In this film everything was perfect. The casting. Everyone was brilliant. Each of the people above, and even the extra’s, including the jovial Udo, who is assisting the surveillance and prefers to watch over artistes vs priests and peace activitists because of their ‘extra-curricular’ activties. Or the assistant in the Stasi canteen, who recites a joke with unfortunate consequences. Or Jerska, Dreyman’s preferred director who is now unfortunately blacklisted for the last seven years. Or his friend Hauser, who cannot always keep his emotions under control and encourages Dreyman to take a stand. Or even the script expert who knows all there is to know about typewriters.


But the person who stands out, who’s steady, unblinking gaze conveys a thousand thoughts and steely resolve, who steals the show and holds the film together, lending it much of its gripping quality, is Ulrich Muhe as Hauptman Gerd Wieslar. This man deserved an Oscar…not just for ‘Best Actor in a Foreign Film’ but ‘Best Actor’ per se…However, as the recent Nobel Prize decision has shown us, not all juries are as impartial as they should be.

There are also three other things which transform this film from very good to really great. First is editing. The pace of the film, about something as boring as surveillance, never lags and even though no character ever breaks into so much as a jog, the film simply breezes through its 2 hour duration. The second is the dry German humour, beautifully exemplified in the dialogue, from place to place, very naturally, which ensures the film never gets too heavy. And third, probably the most important, is the script. Fantastic for its simplicity and for the depth of characters it paints, the amount of emotion it makes us invest in each of them. And for the numerous twists it throws up, especially when you least expect it. Like the end, which leaves you with a touching, bitter-sweet smile on your face. This film re-invigorated my belief that if you have a great script, the rest can fall into place…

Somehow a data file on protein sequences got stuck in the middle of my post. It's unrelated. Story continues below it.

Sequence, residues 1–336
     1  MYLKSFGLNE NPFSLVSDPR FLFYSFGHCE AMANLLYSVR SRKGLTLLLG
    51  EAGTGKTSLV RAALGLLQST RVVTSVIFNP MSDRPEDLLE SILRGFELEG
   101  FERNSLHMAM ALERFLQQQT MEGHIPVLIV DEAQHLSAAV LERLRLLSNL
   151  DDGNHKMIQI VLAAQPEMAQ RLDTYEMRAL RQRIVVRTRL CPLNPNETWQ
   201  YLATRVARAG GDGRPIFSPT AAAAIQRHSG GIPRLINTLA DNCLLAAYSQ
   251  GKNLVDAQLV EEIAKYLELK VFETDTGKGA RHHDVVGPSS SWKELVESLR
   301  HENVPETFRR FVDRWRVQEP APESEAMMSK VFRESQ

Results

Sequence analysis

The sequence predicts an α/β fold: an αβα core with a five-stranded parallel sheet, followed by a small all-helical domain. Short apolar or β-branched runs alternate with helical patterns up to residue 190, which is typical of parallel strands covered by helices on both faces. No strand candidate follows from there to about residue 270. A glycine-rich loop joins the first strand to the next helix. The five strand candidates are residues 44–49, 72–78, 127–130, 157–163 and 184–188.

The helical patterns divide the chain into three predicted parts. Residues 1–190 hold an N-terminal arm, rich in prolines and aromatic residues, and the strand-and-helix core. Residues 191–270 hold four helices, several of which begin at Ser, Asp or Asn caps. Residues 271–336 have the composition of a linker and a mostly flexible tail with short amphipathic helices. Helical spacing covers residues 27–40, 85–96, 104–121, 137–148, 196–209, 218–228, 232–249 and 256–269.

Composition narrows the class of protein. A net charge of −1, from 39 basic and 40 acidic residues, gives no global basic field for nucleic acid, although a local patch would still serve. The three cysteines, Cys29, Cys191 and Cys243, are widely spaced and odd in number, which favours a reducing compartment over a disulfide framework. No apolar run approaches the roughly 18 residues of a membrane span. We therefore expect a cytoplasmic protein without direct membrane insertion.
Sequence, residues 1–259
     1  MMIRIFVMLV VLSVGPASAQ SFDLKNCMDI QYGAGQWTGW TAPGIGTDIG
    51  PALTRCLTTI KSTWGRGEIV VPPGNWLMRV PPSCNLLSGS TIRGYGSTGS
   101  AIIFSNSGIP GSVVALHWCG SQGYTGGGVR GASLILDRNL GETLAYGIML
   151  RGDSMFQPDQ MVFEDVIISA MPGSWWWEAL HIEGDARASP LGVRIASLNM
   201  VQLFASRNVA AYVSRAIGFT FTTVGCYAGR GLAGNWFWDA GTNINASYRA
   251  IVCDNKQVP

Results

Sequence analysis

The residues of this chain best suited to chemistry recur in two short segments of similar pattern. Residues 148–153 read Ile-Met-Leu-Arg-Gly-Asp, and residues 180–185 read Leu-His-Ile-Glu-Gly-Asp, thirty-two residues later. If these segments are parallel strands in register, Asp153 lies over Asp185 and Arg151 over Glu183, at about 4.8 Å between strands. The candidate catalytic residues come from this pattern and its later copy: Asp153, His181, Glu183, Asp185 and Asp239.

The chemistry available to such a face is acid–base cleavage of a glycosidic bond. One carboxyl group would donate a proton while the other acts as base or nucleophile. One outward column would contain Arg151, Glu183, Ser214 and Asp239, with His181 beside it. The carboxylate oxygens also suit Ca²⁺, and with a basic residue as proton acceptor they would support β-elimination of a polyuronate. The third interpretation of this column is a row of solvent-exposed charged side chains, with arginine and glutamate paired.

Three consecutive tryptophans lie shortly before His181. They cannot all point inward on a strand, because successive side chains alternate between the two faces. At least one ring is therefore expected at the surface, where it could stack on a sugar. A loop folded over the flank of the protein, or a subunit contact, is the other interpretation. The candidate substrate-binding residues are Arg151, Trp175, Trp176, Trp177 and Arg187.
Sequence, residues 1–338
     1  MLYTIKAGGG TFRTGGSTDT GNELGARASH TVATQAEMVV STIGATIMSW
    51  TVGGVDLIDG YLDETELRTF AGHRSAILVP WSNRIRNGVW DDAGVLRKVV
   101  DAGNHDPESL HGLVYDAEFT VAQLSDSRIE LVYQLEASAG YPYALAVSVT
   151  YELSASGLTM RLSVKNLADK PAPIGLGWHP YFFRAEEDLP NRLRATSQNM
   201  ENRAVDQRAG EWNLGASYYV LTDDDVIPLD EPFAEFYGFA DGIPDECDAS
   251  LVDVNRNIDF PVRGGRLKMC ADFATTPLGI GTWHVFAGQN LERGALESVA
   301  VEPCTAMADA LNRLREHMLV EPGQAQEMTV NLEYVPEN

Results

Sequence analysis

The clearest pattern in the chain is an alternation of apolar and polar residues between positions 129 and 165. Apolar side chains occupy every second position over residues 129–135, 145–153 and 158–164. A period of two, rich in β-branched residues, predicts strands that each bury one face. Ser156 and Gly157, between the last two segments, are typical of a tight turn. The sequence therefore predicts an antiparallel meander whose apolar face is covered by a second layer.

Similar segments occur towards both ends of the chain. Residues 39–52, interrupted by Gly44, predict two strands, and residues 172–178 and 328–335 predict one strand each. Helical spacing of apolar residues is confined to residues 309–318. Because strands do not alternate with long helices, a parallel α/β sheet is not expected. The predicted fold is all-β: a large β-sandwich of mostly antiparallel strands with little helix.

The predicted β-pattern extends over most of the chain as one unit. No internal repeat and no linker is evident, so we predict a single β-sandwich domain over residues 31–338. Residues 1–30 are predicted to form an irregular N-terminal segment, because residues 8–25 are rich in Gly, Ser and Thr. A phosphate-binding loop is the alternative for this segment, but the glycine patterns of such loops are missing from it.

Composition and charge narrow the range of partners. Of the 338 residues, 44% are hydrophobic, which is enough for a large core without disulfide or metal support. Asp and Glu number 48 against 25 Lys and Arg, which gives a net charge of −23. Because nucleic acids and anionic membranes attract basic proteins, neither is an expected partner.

Just as The Shawshank Redemption is set for the most part inside the four walls of a prison but its ultimate message is about hope, this film is set in an entire country (GDR) which functions like a prison with a literal wall guarding a border…and yet, offers the same message. Amidst all the greyness, all the desolation, all the grime, sadness and systemic oppression. Hope. That most powerful of human emotions. Which almost never dies…

BTW, this did win the Oscar, for Best Foreign Film in 2007…but I stand firm on what I said above about the 'Best Actor'

3 comments:

Anonymous said...

I guess 10/10 makes it a must watch.... Look forward to it!!!

Karan

Pradosh said...

I had watched it when it was released in India in early 2008. Easily the best movie I have seen so far - the end was a sort of sucker punch ! Fabulous

Supriya said...

Watched the movie albeit, not in one sitting. So it lost some of its impact but the overall punch was still overwhelming. Fabulous ending, makes us marvel at history's twists and turns and the impact of non verbal communications! Keep 'em 10/10's coming.